You’ve successfully submitted your application and now you’ve received a letter offering you an interview at your chosen school. Now all you have to do to win your dream job is to impress the interview panel. Unfortunately, that’s the hard part.
You may be wondering what to expect at a teacher interview and how best to prepare for the day ahead. If you know what is likely to happen during the day, you can feel a lot more confident and well prepared to ace your interview and secure that position.
Scheduling of the day
Usually, the interview process will be scheduled to last an entire school day, so be prepared to arrive early. Allow plenty of time to ensure that you won’t be late and arrive promptly, but not so early that you are sitting around awkwardly getting more nervous.
Usually, your interview letter will explain the way the day will be scheduled, and this could vary depending on the school and the nature of the interview panel. Often there will be a tour of the school followed by a lesson observation. This may then be followed by some group activities or pupil interviews, with the panel interview coming last of all.
This may take place over the course of a morning, a full day, or even two days, sometimes several days apart. As you can see, there are no hard and fast rules when it comes to what to expect at a teacher interview. Read your letter thoroughly so you can be ready for whatever the experience throws at you.
Visiting the school
While taking part in a tour of the premises on the interview day, you need to have the correct demeanour and attitude. If you are touring as part of a group, don’t dominate the conversation, but don’t hover at the back either. You need to be noticed, but for the right reasons. Appear interested and engaged, interact with the pupils, and ask pertinent but not intrusive questions to create the right impression.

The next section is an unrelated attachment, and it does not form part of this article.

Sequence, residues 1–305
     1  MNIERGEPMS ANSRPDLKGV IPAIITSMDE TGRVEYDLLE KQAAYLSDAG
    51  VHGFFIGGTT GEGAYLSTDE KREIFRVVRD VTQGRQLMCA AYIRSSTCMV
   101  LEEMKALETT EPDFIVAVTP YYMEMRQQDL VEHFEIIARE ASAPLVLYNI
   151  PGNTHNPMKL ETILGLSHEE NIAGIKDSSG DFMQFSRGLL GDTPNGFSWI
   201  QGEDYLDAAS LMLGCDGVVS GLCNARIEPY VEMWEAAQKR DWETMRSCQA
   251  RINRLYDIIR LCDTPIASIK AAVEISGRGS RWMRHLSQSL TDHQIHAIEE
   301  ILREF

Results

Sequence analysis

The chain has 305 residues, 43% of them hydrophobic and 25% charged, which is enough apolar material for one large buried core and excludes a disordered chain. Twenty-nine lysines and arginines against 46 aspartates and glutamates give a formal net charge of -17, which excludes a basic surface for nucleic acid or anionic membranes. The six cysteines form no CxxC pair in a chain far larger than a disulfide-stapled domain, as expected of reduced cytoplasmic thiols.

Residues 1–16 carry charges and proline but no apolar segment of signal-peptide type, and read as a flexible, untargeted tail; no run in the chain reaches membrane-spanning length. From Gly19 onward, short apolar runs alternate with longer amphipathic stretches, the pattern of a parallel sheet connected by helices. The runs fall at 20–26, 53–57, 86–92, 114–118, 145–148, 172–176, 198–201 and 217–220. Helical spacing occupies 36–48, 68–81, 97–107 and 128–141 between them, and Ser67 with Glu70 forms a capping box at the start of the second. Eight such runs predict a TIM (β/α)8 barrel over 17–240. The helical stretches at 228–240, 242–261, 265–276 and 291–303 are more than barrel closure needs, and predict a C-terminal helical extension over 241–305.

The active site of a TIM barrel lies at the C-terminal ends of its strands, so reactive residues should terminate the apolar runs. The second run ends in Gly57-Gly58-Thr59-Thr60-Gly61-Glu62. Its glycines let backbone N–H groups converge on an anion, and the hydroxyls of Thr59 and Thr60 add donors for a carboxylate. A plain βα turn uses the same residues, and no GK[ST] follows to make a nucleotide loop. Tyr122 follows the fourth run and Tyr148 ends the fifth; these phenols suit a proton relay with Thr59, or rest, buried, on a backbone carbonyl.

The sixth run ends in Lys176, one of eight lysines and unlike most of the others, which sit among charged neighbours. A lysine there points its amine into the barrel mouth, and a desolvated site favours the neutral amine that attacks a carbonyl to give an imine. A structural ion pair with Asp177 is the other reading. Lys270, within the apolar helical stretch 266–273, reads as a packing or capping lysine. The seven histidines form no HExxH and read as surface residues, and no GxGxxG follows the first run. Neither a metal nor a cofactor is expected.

The lesson observation part of your interview may take place in your own class at your own school if you are currently teaching, or it may take place within a class at the school that you are applying to. You may be required to teach a whole lesson, part of a lesson, or simply a group activity depending on the school.
If you are teaching your own class, you should feel a bit more relaxed as you know what to expect and already have a rapport with the children. If you are teaching an unfamiliar class, plan your lesson well, and make sure all resources are prepared and ready to go.
Beware of anything too ambitious – you need to draw a fine line between creative and practical. Remember to differentiate appropriately, ensure your targets are clear, and keep the lesson active but controlled.
Resist the temptation to try something wildly ambitious, but also steer away from anything too safe and boring. If possible, use a proactive and engaging lesson that you have had success with in the past.
Group activities and discussions
If group work is part of your interview, you need to show your cooperation skills. Tread the fine line between being an active and eager group member without dominating the discussion. The objective of this part of the day is to assess your ability to be a team player.
This is your big chance to impress, and there could be any number of people in the room. Some head teachers prefer to interview candidates themselves on a 1:1 basis or with one other member of the leadership team, while other schools will bring in the entire board of governors. Your interview could be either of the above, or anywhere in between.
Be prepared, and try not to show that you are nervous, no matter how many people are interviewing you. This is your chance to show what you know, what you can do, and to showcase your experiences and skills, so make sure to prepare your answers thoroughly and do your research.
Although the format of the day will be different at every school and no two interviews will be the same, remember that every panel will be looking for a confident, capable and professional teacher who will be an asset to their school, so create the right impression.